Amy van Boxel’s Sabita. All photos courtesy of Amy van Boxel

Now that we are officially in the upswing of the holiday season — radio stations are sprinkling Christmas tunes into their playlists — we all have certain songs that we look forward to hearing more than others. I admit I like all the old familiar standards — the Nat King Cole, Frank Sinatra, Peggy Lee, and Doris Day crooners can make me tear up as I listen to them crisply enunciate the themes. (The lyrics from “Have Yourself a Merry Little Christmas” particularly slay me: “Through the years, we all will be together — if the Fates allow . . . “) It’s a rare Noel opus that talks so beautifully and poignantly about future celebrations where revelers may no longer be around to attend. It makes you appreciate every day with one another, doesn’t it?

That’s why it’s so meaningful to me to look through the archived photos and interviews I’ve conducted with talented artists over the past years. One of the extraordinary women I had the pleasure to chat with is Dutch doll maker Amy van Boxel. The daughter of the pioneering artist Bets van Boxel, Amy joined her mother’s creative team in 1996, making this year her 20th anniversary in the doll realm. I think this is a perfect time to reflect on what Amy shared with me because her multicultural dolls truly mirror the spirit of the Christmas season.

(Rouro, depicting a child of Panama)

If you’re a fan of Yuletide music, you probably know the haunting melody of the Trans-Siberian Orchestra’s instrumental classic “Christmas Eve/Sarajevo 12/24.” The song was released in October 1996 — so it, too, is celebrating its 20th anniversary — and it focuses on the ravages of war. According to the story behind the song, it musically tells the tale of a cellist, Vedran Smajlovic, who returns to his hometown of Sarajevo, only to discover it in total ruins after the nation’s devastating civil war. As Sarajevo continues to be bombed and shelled — neighbor against neighbor — the residents flee to underground shelters. That is, everyone but the returned musician. Instead, Smajlovic marches to the town square, where a fountain and library once stood, and climbs atop the rubble with his cello. As the sky lights up with the aftermath of war, he plays Christmas music among the smoking debris. After the Siege of Sarajevo had ended, the musician was tracked down by a reporter and was asked why he would put his life at risk by performing nightly in a vulnerable war zone. The cellist answered it was to prove that the spirit of humanity existed, despite all evidence to the contrary.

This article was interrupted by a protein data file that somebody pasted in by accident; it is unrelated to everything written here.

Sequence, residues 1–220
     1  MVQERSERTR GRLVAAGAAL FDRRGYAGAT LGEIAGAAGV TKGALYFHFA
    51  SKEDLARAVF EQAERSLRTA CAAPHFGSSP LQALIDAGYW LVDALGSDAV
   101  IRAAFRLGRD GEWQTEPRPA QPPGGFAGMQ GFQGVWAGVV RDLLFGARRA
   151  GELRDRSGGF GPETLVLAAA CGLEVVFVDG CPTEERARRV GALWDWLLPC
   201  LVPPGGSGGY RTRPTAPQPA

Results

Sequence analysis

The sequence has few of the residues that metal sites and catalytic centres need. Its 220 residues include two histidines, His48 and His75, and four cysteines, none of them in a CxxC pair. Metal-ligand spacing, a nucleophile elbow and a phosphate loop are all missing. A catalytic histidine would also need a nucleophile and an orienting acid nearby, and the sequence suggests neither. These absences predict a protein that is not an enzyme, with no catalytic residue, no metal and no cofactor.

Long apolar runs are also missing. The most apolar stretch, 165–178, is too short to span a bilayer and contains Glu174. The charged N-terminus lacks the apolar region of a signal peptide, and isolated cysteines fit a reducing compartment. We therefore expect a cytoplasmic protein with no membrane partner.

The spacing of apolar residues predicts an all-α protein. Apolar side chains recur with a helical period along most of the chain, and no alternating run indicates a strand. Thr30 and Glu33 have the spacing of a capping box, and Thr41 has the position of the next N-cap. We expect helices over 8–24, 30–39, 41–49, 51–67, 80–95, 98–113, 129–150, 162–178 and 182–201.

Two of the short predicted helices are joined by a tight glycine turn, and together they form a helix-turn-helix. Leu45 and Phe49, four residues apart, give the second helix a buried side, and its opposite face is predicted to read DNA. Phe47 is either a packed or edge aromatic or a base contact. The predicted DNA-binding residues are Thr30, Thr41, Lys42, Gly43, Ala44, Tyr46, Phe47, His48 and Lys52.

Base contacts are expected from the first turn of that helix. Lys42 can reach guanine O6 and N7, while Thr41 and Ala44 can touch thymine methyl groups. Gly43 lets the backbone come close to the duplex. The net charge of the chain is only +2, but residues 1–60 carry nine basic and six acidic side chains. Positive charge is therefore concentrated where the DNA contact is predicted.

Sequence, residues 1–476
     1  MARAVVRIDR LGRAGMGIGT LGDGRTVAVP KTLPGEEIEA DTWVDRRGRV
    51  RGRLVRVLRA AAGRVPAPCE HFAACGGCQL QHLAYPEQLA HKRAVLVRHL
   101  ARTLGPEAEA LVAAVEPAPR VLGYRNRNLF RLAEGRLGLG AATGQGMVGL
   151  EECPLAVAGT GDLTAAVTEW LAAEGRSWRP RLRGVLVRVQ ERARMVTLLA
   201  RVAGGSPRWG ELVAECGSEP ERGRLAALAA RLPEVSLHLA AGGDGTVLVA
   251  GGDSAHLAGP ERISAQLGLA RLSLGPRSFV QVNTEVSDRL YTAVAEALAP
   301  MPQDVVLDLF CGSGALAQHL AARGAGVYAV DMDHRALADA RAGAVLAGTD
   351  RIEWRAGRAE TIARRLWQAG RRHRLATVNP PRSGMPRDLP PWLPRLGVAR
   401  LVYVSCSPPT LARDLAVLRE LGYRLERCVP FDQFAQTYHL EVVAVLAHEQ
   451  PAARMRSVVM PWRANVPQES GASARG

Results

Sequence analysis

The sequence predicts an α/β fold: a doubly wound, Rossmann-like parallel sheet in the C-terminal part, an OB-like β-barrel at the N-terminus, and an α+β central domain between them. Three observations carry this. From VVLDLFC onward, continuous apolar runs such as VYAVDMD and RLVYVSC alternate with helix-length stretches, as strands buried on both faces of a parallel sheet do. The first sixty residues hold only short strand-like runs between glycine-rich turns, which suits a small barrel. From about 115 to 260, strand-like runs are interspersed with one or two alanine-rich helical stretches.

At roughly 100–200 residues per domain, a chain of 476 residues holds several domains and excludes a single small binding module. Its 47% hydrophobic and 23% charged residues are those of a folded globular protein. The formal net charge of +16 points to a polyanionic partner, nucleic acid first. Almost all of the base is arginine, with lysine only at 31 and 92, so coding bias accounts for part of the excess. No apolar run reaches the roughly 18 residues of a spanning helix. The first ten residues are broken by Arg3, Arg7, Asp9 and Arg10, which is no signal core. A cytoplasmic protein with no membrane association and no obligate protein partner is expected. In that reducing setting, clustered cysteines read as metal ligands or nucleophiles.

(Angelina, also from Panama)

That acknowledgment of shared humanity is at the heart of Amy van Boxel’s beautifully crafted child dolls. So often, people are quick to pre-judge (hence, the word “prejudice”) and make wide, ridiculous assumptions about “different” people and other cultures. Amy’s dolls reveal the shared innocence, wonder, and purity of children the world over. Her dolls, which are garbed in realistic renderings of traditional costumes and wardrobes, are goodwill ambassadors for preaching the need to do good and to be good.

“Every doll shows the love that I put into it as I made it,” Amy told me. “When collectors choose to buy my creations and then bring it into their homes, I find that to be the highest compliment. It makes me so happy that I could work with my mother for so many years and learn from her. It is because of the collectors that we were able to make these children and share their beauty worldwide.”